As a young street monster, Paul was often a thorn in the side of police administrators. During his 20-plus years as a Fed he was nearly fired twice and twice decorated for valor. This pattern continued in the Coast Guard, being one of the few officers to have given and received punishment before the mast. He retired as a captain in 2014 with medals and ribbons to rival a third world general, though in his opinion none of them amount to a beer fart in a whirlwind. He views himself as a "break glass in case of emergency" kind of guy; he's good when the stuff hits the fan, but otherwise the rules are an obstacle to his progress. There was little he didn't see or do, and he shares many of his law enforcement experiences in the Night Police.
After retiring from law enforcement and military duty Paul and his wife Kay ran a gun shop in Alaska for a few years. He built custom rifles, and they collectively lost their minds to boredom.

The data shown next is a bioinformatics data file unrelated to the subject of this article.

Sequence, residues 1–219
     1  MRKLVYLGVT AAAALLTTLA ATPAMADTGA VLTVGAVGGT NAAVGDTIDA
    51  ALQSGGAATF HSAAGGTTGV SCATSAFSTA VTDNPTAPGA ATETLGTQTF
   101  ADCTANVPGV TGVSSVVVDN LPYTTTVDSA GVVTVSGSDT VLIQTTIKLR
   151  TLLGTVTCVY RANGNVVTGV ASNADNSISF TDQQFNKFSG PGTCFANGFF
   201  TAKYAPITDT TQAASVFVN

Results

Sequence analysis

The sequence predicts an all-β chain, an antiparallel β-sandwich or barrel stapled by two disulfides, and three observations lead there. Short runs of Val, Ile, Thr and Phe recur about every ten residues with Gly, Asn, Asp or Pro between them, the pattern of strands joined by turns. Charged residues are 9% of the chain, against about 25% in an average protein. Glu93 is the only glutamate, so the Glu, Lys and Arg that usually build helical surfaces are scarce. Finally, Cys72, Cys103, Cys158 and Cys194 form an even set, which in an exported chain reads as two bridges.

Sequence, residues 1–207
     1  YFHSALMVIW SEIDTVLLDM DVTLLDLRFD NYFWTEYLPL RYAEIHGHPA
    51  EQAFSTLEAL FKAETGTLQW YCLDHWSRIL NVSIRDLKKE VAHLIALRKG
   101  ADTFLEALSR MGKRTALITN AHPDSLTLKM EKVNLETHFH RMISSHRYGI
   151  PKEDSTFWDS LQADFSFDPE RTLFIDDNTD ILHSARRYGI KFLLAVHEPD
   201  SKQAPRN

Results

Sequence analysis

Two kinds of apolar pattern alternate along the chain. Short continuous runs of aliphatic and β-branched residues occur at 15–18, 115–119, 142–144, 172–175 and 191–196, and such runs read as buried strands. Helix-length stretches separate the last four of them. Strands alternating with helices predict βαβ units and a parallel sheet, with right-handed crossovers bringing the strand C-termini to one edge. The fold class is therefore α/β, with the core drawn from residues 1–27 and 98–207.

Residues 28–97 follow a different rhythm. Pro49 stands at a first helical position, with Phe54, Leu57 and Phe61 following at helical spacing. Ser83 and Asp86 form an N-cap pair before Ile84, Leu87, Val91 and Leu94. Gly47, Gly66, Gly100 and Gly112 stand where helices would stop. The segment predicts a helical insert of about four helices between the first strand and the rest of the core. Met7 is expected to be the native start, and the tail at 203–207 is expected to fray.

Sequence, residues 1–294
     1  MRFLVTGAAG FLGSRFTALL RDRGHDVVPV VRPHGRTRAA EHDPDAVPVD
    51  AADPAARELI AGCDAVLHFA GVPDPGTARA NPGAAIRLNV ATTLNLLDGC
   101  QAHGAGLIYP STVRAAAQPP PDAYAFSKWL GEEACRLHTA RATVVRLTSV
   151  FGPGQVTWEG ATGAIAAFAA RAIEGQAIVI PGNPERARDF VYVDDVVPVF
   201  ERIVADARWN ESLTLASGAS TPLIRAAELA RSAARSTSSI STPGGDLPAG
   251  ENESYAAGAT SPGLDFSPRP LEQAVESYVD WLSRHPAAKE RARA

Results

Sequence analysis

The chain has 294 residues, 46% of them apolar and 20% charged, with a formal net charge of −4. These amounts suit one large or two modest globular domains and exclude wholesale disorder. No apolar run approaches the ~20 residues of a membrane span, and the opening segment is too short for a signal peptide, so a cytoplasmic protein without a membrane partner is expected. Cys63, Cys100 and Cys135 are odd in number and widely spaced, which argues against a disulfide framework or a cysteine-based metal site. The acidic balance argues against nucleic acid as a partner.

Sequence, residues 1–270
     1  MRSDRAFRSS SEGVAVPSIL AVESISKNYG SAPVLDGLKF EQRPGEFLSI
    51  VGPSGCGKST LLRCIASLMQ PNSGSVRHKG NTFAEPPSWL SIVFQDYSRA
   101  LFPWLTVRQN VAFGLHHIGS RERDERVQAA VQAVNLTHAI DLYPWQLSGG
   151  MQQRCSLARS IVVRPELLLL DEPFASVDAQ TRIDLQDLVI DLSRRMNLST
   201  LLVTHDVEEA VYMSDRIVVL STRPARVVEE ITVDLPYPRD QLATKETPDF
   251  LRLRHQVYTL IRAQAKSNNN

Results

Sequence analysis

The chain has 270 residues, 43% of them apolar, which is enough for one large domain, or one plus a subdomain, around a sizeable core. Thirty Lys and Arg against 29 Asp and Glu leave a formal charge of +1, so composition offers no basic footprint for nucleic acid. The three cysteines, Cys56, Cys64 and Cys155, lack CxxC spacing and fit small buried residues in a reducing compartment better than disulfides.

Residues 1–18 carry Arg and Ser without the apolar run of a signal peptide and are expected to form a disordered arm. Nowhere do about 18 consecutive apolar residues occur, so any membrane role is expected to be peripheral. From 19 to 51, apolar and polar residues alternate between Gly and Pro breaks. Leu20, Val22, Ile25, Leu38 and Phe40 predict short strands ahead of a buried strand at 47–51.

They now live at the edge of Puget Sound in the Pacific Northwest, he writes, she gardens, together they go Dungeness crabbing from their kayak. They are enjoying life to the fullest.
Chris Berg was born in the '50s in Gridley, California to a state game warden and his Army nurse, wife. Except for a short stint living in New York City, he's lived on the left coast all his life. After graduating with his B.S. from San Jose State University he made his way to his true calling. In 1977 Chris became the third generation of his family to sign on as a lawman.